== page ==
What Causes Dry Eye and How Can I Fix It?
Everyone’s eyes can feel dry at times. But if you have experienced scratchy, irritated eyes that are easily fatigued, you may have a medical condition called dry eye. There are two types of dry eye, evaporative and aqueous deficient. Upon proper evaluation by an optometrist, determining which type of dry eye and the level of severity will determine the treatment.
Who Is At Risk for Dry Eye?
Dry eye can affect anyone, no matter what their age or circumstances. However, some groups of people are more likely to suffer from dry eye. Increasing age, use of certain medications, long-term contact use, medical conditions such as Rheumatoid Arthritis, Diabetes, Sjogrens Syndrome, Thyroid Disease, jobs that require lengthy computer screen use, and environmental factors increase your risk of dry eye.
Causes of Dry Eye
There is not one single cause of dry eye. Tears are an essential component of eye health. Composed of aqueous, mucin, and lipid, a tear film covers the surface of your eye. As you blink, your eyelids spread tears across the cornea, while excess tears flow through small ducts in the inner corners of your eyelids. Tears lubricate the cornea, facilitate clear vision, prevent infection, and clear foreign particles from the eyes.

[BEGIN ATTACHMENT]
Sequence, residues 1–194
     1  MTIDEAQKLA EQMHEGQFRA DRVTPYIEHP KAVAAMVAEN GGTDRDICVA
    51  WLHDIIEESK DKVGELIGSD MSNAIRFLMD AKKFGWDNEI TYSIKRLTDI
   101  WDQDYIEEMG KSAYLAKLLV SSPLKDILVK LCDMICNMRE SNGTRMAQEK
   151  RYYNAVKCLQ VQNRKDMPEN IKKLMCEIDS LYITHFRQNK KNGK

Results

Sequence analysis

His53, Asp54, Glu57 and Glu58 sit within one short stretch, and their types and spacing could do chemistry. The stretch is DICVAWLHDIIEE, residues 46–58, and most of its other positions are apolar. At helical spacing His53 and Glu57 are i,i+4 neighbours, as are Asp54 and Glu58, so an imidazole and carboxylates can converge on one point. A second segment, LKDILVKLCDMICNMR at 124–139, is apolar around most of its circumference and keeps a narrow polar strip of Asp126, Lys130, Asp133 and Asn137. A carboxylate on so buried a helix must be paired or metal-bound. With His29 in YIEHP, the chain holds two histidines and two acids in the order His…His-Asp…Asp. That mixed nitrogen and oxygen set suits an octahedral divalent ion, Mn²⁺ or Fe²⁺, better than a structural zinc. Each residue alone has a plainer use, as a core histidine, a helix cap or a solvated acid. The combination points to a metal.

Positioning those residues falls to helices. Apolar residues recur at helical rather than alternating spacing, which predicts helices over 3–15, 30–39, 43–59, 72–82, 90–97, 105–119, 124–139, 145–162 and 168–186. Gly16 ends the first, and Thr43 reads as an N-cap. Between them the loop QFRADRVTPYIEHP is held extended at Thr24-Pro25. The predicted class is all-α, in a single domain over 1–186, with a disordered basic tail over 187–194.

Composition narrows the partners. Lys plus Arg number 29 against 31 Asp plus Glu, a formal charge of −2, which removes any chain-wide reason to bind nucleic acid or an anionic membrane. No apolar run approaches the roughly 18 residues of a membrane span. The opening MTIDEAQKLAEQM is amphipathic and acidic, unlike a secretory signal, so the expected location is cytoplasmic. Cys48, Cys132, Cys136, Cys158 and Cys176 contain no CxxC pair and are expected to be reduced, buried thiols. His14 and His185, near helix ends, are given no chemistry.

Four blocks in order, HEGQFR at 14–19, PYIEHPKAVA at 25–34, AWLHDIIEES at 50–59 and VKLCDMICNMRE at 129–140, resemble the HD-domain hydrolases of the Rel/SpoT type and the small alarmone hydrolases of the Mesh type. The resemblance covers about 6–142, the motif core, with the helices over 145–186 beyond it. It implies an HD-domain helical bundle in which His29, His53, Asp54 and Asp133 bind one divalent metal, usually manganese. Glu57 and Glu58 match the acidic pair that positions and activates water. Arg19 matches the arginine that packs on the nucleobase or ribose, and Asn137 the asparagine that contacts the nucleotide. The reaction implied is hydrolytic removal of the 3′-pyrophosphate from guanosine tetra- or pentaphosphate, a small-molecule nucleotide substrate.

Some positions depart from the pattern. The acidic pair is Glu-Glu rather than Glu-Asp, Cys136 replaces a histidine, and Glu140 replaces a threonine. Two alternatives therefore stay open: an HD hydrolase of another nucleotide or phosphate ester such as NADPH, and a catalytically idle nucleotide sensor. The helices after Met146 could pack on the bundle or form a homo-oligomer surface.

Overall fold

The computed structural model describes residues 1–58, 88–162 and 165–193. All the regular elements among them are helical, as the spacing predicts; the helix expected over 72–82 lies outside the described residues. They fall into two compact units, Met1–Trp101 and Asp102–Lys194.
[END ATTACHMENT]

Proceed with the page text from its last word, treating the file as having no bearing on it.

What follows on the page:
A common cause of dry eye is inadequate lipid production, a medical condition called Meibomian Gland Dysfunction. Decreased tear production is associated with age, gender, and other risk factors for dry eye; however, damage to the tear glands may also cause this problem.
Another cause of dry eye is poor aqueous production. Problems with oil gland functioning, water production, or maintenance of a mucin layer lead to changes in tear quality. This disrupts the ability of the tear layer to lubricate and protect the eye, leading to inflammation.
Structural problems with the eyelids may also lead to dry eye by reducing the effectiveness of blinking. Additionally, staring at a computer or phone screen reduces blinking frequency and may cause dry eye. Other causes include exposure to wind, dust, or other environmental factors that reduce tear effectiveness and irritate the eyes.
Correcting Dry Eye
Many people first turn to over-the-counter eye drops, but those only offer temporary relief. If you think you have dry eye, talk to your optometrist. He or she can offer solutions including:
- Prescription eye drops or other medications
- Surgical procedures
- TempSure therapy
- Lipiflow Thermal Pulsation therapy
- TrueTear Neurostimulation
- Special contact lenses
Your optometrist can address the underlying cause of dry eyes and then match the right solution that will actually make your dry eyes feel better. Learn more about dry eye and The Eye Institute’s solutions on our Dry Eye Center page.